People operate with diverse systems of belief and we can live with this incoherence - Political Theology: Four New Chapters on the Concept of Sovereignty - Page 118 - Paul W. Kahn - 2011 - Preview - More editions In the postmodern world, the...1 month ago
Savitri Era of those who adore, Om Sri Aurobindo and The Mother.
In view of the fact that multiple anonymous comments in a thread make confusing reading and it becomes difficult to track who is telling what and to whom, only comments bearing some name/pseudonym/identity will appear in future. [TNM 011110 SEOF]
Saturday 28 April 2007
Even classroom discussions about the meaning of a text are underwritten by an extensive and mutual set of rules
Excerpts re-posted from The Kugelmass Episodes
Furthermore, it is foolish and intellectually dishonest to enter into conversations hampered by some arbitrary marker of irreducible difference. People with strong beliefs, be they religious, philosophical, aesthetic, or political, have an interest in promoting their beliefs, and this is as it should be. There’s no good reason to expect a devout Christian to want somebody else to remain a Buddhist in the same way that he or she wants to be saved, and wants to save others. Even environments that seem most pluralistic, such as classroom discussions about the meaning of a text, are underwritten by an extensive and mutual set of rules — usually, in this case, about what kind of supporting evidence is required to justify a reading. Difference seems to constantly transcend itself towards identity: group identity, family bonds, even personal identity. Every promise and every acceptance of duty determinately negates difference.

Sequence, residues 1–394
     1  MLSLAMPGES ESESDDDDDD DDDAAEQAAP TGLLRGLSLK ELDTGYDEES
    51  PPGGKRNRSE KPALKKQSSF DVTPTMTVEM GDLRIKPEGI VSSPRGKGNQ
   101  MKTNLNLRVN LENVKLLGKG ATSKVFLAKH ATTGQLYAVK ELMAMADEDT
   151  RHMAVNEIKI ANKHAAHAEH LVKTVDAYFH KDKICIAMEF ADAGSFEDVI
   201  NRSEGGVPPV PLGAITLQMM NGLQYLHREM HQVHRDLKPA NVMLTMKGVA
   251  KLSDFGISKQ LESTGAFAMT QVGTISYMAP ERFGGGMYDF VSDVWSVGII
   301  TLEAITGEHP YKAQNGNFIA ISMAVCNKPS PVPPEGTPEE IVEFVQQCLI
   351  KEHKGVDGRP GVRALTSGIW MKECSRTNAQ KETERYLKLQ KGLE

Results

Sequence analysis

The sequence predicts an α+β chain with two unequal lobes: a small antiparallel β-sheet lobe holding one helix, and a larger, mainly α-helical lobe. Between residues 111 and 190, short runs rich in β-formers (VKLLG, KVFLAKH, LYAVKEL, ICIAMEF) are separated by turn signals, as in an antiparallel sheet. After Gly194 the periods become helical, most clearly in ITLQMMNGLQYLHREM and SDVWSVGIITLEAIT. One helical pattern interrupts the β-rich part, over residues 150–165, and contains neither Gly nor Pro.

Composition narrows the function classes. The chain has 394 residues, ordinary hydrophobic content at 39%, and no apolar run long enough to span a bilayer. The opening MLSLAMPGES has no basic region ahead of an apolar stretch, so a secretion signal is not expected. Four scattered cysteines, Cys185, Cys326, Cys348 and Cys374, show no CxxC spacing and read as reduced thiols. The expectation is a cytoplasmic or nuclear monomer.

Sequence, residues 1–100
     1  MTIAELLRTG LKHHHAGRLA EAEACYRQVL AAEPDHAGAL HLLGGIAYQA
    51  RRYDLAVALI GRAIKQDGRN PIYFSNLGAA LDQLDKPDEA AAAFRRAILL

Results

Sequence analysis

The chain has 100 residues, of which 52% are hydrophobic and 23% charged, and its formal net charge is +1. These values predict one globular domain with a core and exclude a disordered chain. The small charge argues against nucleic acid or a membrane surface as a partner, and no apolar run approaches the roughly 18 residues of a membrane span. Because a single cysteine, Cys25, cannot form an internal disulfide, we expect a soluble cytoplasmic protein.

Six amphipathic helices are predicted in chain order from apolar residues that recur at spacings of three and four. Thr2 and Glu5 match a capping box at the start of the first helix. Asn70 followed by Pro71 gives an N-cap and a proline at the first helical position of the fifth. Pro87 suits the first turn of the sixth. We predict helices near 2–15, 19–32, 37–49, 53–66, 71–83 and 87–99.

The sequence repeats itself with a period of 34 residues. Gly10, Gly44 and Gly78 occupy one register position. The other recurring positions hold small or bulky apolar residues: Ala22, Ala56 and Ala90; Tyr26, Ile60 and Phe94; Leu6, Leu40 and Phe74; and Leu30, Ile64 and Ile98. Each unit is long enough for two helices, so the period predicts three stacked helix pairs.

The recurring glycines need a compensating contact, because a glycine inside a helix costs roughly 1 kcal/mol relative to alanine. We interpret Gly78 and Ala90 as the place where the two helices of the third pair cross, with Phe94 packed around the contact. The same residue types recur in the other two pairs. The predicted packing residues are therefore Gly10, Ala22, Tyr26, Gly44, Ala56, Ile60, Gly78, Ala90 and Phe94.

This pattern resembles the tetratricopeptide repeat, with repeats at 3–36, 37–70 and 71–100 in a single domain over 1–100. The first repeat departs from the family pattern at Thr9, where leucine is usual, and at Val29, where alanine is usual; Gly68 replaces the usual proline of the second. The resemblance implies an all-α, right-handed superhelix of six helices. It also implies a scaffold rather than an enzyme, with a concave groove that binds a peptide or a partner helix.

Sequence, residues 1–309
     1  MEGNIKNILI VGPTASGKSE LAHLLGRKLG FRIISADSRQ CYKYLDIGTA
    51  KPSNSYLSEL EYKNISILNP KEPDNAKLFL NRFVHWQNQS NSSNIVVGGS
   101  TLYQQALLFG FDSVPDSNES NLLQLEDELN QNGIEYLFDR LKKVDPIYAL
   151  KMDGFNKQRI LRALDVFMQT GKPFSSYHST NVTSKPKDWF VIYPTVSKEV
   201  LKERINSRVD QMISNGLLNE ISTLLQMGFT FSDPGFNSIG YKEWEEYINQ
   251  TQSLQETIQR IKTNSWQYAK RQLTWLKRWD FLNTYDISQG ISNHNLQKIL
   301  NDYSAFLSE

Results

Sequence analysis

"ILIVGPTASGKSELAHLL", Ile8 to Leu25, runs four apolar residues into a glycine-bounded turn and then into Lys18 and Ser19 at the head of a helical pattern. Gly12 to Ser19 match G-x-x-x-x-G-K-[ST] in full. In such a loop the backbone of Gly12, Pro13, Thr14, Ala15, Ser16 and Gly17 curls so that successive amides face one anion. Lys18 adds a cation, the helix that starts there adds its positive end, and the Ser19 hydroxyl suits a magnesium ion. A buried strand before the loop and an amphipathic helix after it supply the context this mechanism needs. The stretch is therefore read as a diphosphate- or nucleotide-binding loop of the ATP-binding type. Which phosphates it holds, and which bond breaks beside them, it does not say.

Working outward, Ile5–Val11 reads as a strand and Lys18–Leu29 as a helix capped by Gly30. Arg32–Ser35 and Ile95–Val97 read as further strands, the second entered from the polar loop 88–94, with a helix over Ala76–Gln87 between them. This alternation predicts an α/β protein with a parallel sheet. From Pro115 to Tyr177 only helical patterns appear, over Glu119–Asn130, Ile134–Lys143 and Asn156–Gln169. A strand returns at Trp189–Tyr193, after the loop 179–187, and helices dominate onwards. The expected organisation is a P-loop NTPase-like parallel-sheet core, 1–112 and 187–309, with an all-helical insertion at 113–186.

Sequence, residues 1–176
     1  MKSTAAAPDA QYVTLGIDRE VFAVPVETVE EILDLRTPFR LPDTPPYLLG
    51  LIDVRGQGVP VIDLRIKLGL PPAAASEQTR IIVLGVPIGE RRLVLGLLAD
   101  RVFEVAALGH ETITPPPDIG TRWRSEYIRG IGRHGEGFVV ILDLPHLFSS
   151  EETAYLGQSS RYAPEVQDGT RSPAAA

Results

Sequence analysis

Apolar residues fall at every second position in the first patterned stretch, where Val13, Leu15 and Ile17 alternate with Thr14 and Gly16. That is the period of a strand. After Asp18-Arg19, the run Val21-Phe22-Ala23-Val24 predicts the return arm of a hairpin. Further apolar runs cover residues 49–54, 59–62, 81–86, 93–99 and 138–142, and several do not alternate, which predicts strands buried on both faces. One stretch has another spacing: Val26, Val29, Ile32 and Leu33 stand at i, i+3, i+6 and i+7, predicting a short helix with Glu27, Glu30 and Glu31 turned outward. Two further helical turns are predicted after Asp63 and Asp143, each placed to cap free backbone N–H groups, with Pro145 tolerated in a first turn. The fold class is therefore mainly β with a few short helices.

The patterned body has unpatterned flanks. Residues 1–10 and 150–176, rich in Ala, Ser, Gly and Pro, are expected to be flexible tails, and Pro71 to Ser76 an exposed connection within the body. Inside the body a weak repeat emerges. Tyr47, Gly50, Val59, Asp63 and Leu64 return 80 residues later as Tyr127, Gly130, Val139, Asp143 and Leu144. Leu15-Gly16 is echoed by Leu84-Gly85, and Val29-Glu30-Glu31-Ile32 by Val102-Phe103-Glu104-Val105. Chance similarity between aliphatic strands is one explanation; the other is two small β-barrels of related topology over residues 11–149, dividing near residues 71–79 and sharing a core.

Thus one discovers, at the heart of the democratic principle, not the spectacle of seductive differences, but rather the matter of indifference, as the phrase is used in everyday conversation. It does not mean insensibility, or a lack of interest in what other people volunteer. It is simply a limit placed on what concerns me. I cease expecting others to be fully transparent to me, and I cease to expect them to create environments in which my beliefs predominate. This is the essence of the right to privacy, of toleration, and of the fair exercise of authority. Published in: Ethics & Morality Derrida Utopian thought The Valve Psychoanalysis Plato Politics Philosophy pop culture Religion on April 28, 2007 at 12:50 am. josephkugelmass at gmail dot com